iRex’s new touch-screen eReader is quietly offering many of the same features as other, better-known readers. The screen is larger than many of its competitors: 8.1 inches. It has wireless capabilities and also supports formats like ePub and PDF. Unlike the Sony Touch Edition, the iRex’s touchscreen can only work with a stylus, reports CNET, but the iRex screen doesn’t have the glare that Sony users complain of. However, the price is a daunting €319.
SKIFF READER The largest and highest-resolution electronic-paper display yet unveiled in a consumer device, the Skiff features a full touchscreen that enables users to intuitively navigate and engage with the newspapers, magazines, books and other digital content they purchase through the Skiff Store, as well as personal and work documents. The Skiff is the ﬁrst consumer product to feature the nextgeneration of e-paper display – one based on a thin, ﬂexible sheet of stainless-steel foil.
AMAZON KINDLE 2 Perhaps the most popular e-reader currently on the market, Amazon’s Kindle 2 (an update of its original Kindle) has a lot going for it. “The well-established Whisper Sync technology lets people keep track of a single book across multiple devices, there’s a physical keyboard right up front, and the device can even browse the web,” says tech review website Engadget. Drawbacks include the lack of support for ePub formats, and the inability to share e-books with other devices.
lishers should proactively shape their own e-reader opportunity – or miss their last best chance to control their own destiny.” Indeed, the 2010 e-reader story is likely to extend way beyond just e-books and include newspapers and magazines augmented with audio and full-colour animations, video and imagery. Establishing partnerships with publishers and other content providers will be key for device-makers going forward. Of course, the big question for everyone in the market is whether the next-generation e-book reader will prove to be dead on arrival thanks to the Apple iPad and the advent of its slate tablet PC siblings. Apple’s latest addition to its product family generated unprecedented excitement prior to its announcement earlier this year, but many commentators remain skeptical as to which market category it will fall into. Archuleta, for one, doesn’t see the iPad as a direct competitor. “To be honest, we don’t see it as much of a threat,” he says. “The user interface that we’ve developed, which is unlike anything else in the market, is really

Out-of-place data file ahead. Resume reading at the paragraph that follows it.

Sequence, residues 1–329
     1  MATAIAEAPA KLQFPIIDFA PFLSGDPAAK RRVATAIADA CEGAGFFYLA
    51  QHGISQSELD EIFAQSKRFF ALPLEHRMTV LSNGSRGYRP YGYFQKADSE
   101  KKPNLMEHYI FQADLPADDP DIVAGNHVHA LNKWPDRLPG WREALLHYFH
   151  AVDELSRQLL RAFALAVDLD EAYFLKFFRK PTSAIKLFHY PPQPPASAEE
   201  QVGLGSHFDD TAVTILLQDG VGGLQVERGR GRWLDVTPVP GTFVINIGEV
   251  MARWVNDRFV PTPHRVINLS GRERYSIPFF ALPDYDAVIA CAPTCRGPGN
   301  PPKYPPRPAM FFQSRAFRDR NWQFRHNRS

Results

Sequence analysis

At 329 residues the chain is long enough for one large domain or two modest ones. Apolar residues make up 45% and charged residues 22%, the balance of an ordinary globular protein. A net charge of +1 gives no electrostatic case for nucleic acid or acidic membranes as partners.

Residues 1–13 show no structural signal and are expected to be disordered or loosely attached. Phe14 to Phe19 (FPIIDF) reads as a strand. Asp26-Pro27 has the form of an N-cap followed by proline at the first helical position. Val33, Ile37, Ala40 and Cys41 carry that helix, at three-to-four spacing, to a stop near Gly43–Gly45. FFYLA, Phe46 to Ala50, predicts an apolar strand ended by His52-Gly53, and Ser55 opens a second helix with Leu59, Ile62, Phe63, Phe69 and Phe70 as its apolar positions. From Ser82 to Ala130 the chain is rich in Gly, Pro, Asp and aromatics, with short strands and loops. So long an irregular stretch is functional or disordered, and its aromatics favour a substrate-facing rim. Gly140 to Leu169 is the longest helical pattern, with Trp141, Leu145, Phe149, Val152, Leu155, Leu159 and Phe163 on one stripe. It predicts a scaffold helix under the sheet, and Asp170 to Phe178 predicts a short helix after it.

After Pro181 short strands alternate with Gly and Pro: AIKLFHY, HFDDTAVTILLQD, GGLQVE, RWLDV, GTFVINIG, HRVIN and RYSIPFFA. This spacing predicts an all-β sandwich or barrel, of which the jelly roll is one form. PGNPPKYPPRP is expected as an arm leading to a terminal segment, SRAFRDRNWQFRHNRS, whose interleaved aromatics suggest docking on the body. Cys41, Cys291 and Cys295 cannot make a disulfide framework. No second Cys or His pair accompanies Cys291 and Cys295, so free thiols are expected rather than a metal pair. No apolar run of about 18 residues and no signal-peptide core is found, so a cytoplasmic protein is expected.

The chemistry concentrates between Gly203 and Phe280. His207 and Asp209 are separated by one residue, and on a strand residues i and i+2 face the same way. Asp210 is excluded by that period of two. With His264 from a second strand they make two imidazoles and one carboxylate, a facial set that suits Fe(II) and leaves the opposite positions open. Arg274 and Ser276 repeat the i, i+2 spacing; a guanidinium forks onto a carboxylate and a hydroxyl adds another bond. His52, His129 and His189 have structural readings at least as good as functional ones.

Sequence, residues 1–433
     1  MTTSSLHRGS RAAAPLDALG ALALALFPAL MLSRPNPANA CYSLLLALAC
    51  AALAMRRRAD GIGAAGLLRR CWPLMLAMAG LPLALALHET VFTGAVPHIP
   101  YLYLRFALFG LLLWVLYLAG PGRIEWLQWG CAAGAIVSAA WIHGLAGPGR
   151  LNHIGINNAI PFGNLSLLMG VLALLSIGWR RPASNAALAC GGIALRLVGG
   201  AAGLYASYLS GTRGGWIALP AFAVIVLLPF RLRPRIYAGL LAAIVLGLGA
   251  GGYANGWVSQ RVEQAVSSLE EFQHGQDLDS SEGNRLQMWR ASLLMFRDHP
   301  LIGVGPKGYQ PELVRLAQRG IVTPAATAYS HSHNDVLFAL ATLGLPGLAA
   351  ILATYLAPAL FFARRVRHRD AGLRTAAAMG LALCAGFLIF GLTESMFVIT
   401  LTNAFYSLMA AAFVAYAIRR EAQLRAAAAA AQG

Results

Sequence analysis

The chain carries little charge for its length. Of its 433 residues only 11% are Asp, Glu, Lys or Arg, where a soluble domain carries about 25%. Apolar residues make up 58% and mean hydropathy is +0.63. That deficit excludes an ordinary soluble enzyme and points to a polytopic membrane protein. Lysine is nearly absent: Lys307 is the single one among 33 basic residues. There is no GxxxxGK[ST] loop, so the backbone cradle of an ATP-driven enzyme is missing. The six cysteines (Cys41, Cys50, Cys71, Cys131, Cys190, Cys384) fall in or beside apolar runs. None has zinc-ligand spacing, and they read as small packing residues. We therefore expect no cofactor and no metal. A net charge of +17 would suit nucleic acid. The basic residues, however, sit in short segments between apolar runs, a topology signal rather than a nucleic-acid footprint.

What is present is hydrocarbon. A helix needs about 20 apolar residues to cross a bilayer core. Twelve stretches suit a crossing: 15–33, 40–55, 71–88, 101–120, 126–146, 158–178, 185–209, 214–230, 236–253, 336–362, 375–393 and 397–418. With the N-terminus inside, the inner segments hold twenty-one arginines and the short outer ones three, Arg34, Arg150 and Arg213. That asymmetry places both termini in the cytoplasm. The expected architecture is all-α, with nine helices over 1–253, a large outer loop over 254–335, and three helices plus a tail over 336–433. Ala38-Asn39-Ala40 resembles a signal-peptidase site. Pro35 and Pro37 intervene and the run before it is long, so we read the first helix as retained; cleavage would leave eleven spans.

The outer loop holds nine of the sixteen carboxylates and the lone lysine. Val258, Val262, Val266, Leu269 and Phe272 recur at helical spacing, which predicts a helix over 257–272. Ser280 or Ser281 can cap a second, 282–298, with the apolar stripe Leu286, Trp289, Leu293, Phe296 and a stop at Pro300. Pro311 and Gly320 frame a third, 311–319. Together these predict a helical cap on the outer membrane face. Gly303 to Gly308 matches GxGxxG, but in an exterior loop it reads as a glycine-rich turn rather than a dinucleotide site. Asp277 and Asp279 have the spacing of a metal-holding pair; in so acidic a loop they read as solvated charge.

designed for how business people work, and how they manage their documents is something that’s a huge differentiator for us. And even though the iPad’s not on the market yet, it’ll be interesting to see how it evolves over time, because right now it’s very close to a laptop in a lot of its capabilities, and the business users we talked to aren’t necessarily looking for a product to replace their laptop. The customers we’re targeting have both a smartphone and a laptop, and what we fi nd is our product is really designed to replace the paper that they have in addition to that, rather than those devices themselves.” And he’s not the only one bullish about the future for e-readers. Glen Burchers, Consumer Marketing Director for chipmaker Freescale Semiconductor, predicts that the e-reader market will continue to grow over the next few years regardless of the impact of the iPad. “For the average e-reader customer, leisure reading is the primary leisure activity, before TV, before the internet,” he says. “The average e-reader customer is 47 years old, makes €60,000 a year and reads two books per month. But the